5 reasons to start watching ‘Dark Matter’ (even though it’s cancelled)
Dark Matter is one of those special shows with a dedicated fanbase that will forever be in mourning. The sci-fi series ran for three seasons on Syfy with a grand total of 39 episodes that chronicled the mystery of the spaceship Raza and its occupants. The group of six woke in the vessel with no memories of their past lives and a whole web of mysteries to untangle.
While equally beloved sci-fi series The Expanse nabbed a last-minute save by Amazon, Dark Matter wasn’t so lucky. In the season three finale, there was a major cliffhanger and then . . . nothing. Fans across the world screamed out in pain and campaigned for someone to save it, but it was for naught.
It’s a little baffling, to be honest. Dark Matter had solid ratings for the Syfy network, with a strong hold on the all popular overseas markets. Series co-creator Joseph Mallozzi has indicated the fact that the series was an acquisition – not an original series – was its Achilles’ heel. We’ll probably never get a satisfactory answer.
Even if Dark Matter ended on a cliffhanger and the series being revived seems unlikely, you should still check out this epic space opera. Who doesn’t love a mysterious conspiracy in space? Prepare to log onto your Netflix or Amazon account and settle in for some serious binge time: we’re going to tell you just why Dark Matter must be seen to be believed.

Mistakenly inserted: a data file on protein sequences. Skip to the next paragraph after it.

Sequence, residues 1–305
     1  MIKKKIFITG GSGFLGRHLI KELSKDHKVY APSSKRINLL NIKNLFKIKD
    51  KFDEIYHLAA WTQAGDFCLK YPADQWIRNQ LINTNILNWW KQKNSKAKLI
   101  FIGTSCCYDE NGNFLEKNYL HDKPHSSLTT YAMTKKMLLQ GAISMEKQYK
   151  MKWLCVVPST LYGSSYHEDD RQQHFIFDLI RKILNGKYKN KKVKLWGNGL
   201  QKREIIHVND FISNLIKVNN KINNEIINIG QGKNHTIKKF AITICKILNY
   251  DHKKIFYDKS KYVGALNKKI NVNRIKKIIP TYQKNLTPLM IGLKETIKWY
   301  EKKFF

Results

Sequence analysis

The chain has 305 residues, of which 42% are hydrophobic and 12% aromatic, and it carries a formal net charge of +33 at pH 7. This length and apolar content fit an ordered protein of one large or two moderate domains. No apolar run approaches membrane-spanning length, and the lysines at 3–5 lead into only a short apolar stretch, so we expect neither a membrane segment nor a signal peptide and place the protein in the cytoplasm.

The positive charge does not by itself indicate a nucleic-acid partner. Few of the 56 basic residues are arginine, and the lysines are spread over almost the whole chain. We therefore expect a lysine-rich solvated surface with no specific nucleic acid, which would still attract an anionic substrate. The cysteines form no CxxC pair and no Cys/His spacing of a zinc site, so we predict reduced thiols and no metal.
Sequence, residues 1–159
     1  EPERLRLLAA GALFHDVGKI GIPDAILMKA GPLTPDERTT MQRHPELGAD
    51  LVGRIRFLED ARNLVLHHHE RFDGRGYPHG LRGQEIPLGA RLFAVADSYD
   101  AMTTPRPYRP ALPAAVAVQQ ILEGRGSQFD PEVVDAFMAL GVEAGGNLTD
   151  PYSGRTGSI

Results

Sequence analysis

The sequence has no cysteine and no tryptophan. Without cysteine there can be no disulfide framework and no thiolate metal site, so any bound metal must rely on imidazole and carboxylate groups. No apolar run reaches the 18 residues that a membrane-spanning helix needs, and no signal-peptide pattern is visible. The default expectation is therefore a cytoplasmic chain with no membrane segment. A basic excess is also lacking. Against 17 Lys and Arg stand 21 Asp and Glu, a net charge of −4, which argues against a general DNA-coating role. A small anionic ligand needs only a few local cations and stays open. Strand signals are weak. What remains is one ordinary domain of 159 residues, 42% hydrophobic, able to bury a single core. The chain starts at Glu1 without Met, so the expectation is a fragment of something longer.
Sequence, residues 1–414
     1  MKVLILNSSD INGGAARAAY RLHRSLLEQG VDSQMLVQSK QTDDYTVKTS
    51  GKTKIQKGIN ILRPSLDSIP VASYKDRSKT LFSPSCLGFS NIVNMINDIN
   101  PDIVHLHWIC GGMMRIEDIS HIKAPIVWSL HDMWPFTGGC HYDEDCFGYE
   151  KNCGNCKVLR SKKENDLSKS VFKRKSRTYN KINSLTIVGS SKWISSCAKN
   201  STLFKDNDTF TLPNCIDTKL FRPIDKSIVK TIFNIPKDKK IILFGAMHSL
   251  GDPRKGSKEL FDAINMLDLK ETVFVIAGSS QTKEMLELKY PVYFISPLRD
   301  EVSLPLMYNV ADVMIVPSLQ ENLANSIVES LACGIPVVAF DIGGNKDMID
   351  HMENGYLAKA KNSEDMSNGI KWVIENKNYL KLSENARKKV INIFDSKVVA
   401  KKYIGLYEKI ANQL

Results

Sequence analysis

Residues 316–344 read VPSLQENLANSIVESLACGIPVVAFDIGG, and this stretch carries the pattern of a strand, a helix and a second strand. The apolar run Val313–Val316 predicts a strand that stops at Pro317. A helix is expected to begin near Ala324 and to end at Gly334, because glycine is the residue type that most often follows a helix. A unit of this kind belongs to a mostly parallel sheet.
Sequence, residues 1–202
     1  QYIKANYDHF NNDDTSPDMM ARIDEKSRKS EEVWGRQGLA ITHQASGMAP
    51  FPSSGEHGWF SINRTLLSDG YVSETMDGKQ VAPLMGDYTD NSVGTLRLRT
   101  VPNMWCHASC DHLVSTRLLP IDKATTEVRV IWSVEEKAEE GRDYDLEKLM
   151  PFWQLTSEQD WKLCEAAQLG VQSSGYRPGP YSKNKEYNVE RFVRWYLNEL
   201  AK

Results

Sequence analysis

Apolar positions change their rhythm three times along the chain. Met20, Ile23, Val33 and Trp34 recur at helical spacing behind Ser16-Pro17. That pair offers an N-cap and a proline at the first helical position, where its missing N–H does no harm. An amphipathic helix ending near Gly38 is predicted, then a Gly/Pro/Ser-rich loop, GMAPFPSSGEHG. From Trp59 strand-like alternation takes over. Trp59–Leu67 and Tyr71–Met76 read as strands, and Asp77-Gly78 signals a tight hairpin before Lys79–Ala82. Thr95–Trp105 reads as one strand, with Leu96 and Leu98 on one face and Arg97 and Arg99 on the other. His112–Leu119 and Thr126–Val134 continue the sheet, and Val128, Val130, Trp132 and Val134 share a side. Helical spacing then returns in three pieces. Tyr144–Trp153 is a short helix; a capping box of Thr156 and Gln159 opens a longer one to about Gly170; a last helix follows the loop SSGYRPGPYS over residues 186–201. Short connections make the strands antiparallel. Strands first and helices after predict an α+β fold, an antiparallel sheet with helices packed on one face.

A brisk story is the best story
One of the more annoying parts of a scale as epic as Dark Matter’s is the need creatives feel to draw out its mysteries for as long as possible. Done carefully with a clear end goal in mind, a show can live up to its epic concept – think Breaking Bad or the first half of Game of Thrones. Most times, however, this mode of storytelling is handled improperly and leaves fans frustrated (a la Lost).
Luckily for us, Dark Matter moves along its plotlines in a brisk pace. Mysteries are unveiled in a timely fashion rather than being held back. The crew, who name themselves One through Six for the order in which they awake, learn of their lawless past and their reasons for being on the ship in question.
Of course there are layers to Dark Matter’s reveal that go to the show’s core questions surrounding identity. Who can people be when they are given a clean slate via amnesia? The crew of the Raza makes the conscious choice to be better people than they once were, which lends every solved mystery more weight.
Mallozzi reports he had a five-year arc for Dark Matter planned from the outset, which shows in how its story unfolds. The depth on display gives credence to the industry practice of requiring every serialized television pitch to provide a detailed “series bible” from the word go. A properly thought-out plan makes for a more enjoyable and engrossing viewing experience.
Character over spectacle is rule number one
Don’t get us wrong; Dark Matter is a wonderfully produced show. The space shots are very impressive given its budget and the lack of interest from Syfy. Rather than focus on spectacle, the crew behind-the-scenes chose smartly to focus on character. There’s something strangely compelling about watching a group of people rediscover themselves, cooped up in deep space.